Was going over some notes regarding deriving fourier transform equation for Sampling Rate Reduction. Reference to Notes from below link https://ocw.mit.edu/courses/electrical-engineering-and-computer-science/6-341-discrete-time-signal-processing-fall-2005/lecture-notes/lec05.pdf or from Book Discrete-Time Signal Processing by Alan V. Oppenheim (2nd Edition), equation 4.75.

$$r = i + kM$$

I am lost as to how this is obtained. I understand that every $M-1$ samples are dropped from original sampling results; but still cannot understand how this expression for $r$ is derived.

Could someone help me understand this?


1 Answer 1


It's not derived, it's just chosen in a smart way such that the relationship between the decimated and the original sequences becomes obvious.

It's just a rearrangement of the terms of the sum. As a simple example, take an infinite sum of numbers $a_r$:


Under certain conditions that we don't need to bother with now we can rearrange the sum and write it like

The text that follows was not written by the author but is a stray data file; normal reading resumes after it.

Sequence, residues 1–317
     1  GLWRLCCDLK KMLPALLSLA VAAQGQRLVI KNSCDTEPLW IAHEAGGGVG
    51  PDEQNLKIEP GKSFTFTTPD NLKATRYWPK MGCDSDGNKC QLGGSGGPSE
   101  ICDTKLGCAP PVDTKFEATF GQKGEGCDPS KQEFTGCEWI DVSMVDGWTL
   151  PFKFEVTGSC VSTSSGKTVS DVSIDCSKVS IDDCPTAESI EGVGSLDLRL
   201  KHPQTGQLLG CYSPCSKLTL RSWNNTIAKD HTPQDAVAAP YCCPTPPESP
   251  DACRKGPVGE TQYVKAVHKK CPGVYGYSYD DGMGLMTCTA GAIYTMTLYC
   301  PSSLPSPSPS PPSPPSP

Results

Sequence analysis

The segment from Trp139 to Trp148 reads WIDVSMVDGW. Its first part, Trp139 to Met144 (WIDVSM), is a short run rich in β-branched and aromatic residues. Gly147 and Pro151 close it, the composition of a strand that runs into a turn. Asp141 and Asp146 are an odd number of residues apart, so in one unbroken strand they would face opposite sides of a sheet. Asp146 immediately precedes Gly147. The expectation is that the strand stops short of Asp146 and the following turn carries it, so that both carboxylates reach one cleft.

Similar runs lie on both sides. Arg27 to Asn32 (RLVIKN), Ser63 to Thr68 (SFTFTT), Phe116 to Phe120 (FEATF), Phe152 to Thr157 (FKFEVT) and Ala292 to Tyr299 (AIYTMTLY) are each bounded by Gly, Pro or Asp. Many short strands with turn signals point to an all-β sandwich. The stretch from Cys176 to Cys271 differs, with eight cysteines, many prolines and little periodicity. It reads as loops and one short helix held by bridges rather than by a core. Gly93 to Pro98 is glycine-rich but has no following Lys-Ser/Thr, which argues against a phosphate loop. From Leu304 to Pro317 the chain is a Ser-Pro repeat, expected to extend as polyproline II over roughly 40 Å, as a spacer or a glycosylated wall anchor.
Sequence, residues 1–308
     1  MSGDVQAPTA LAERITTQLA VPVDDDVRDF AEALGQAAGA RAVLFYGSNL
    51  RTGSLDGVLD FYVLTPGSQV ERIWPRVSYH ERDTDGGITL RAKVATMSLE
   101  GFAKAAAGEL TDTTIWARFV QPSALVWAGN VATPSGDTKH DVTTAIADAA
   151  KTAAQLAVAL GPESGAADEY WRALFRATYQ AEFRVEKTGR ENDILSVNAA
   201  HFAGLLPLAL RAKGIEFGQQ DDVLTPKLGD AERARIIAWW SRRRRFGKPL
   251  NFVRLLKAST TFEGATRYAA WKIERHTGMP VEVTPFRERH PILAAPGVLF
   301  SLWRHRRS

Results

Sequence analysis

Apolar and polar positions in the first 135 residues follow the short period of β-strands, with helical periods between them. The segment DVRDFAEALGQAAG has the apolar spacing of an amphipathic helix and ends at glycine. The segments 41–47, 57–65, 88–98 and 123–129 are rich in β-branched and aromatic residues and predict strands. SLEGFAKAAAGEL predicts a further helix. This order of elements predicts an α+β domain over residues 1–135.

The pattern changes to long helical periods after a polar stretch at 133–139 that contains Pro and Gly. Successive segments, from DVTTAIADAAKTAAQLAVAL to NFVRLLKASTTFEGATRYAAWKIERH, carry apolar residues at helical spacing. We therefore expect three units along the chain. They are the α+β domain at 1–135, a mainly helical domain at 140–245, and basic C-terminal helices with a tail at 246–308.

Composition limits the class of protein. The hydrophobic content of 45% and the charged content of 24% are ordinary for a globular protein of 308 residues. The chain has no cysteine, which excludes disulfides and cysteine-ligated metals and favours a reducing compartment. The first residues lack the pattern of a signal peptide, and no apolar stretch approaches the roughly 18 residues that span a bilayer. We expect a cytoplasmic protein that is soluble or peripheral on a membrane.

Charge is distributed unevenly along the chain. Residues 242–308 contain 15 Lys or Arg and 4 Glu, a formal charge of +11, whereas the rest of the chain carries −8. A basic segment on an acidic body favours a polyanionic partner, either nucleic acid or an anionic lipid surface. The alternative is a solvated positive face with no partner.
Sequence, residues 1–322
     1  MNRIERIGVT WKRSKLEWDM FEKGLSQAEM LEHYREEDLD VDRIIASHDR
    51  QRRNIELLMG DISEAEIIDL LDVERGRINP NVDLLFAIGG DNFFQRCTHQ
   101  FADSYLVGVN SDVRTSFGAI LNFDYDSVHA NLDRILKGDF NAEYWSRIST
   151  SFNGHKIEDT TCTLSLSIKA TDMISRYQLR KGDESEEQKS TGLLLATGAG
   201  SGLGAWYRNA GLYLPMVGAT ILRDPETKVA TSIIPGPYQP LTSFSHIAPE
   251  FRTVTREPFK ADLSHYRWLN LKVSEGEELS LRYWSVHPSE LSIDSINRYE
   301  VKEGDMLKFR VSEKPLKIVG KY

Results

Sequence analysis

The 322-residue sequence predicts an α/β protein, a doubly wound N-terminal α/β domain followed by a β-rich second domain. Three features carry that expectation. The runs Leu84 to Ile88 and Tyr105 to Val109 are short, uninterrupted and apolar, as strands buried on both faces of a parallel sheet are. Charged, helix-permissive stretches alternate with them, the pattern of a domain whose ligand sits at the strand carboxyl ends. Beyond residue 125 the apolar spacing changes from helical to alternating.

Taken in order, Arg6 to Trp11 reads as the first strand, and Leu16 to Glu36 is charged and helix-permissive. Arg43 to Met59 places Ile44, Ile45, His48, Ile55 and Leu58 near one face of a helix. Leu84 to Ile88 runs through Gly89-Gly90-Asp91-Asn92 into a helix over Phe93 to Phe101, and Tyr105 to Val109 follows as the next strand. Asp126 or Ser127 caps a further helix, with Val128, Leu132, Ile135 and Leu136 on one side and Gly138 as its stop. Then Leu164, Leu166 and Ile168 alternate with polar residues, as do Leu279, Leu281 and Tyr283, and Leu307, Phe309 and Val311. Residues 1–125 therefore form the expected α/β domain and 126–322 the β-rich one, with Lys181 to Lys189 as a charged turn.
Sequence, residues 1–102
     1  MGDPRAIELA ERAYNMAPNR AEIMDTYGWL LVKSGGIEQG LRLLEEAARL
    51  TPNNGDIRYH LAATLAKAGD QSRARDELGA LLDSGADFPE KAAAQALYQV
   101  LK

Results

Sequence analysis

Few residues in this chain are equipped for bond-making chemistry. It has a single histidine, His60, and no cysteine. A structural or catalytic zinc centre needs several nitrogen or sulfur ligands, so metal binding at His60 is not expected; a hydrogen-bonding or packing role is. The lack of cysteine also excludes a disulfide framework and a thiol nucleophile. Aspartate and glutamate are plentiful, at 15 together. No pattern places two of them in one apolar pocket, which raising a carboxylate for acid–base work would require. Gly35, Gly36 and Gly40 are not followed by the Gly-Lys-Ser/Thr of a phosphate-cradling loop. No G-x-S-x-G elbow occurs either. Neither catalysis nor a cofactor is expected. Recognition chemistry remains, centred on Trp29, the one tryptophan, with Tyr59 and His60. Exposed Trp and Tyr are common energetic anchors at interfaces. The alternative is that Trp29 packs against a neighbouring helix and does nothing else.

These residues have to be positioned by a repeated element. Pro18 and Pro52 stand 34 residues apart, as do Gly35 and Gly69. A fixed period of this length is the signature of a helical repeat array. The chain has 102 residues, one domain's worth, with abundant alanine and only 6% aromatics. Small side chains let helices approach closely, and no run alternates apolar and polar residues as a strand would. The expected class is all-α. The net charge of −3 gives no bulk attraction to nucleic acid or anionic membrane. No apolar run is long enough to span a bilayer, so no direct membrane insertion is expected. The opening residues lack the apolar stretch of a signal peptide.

with some arbitrarily chosen integer $M$. So we just start with element $a_0$ and add every $M^{th}$ element, then we move to element $a_1$ and add again every $M^{th}$ element, etc. If we do this $M$ times, we've added all elements, just like in the originial sum $(1)$.

Eq. $(2)$ can be written as


which means that we expressed the index $r$ as $r=i+kM$.

  • $\begingroup$ thanks for info. What troubles me is that the down sampling samples only contain a(M) + a(2M) + a(3M) ... so in context of summation i would write it as $S=\sum_{k=-\infty}^{\infty}a_{kM}\tag{1}$ $\endgroup$
    – niil87
    Jun 17, 2020 at 18:54
  • $\begingroup$ @niil87: But that sum is not over time domain samples, this is a sum of shifted frequency spectra, there's no downsampling involved in that sum. $\endgroup$
    – Matt L.
    Jun 17, 2020 at 19:14
  • $\begingroup$ thank you for reply, makes sense! $\endgroup$
    – niil87
    Jun 19, 2020 at 9:02

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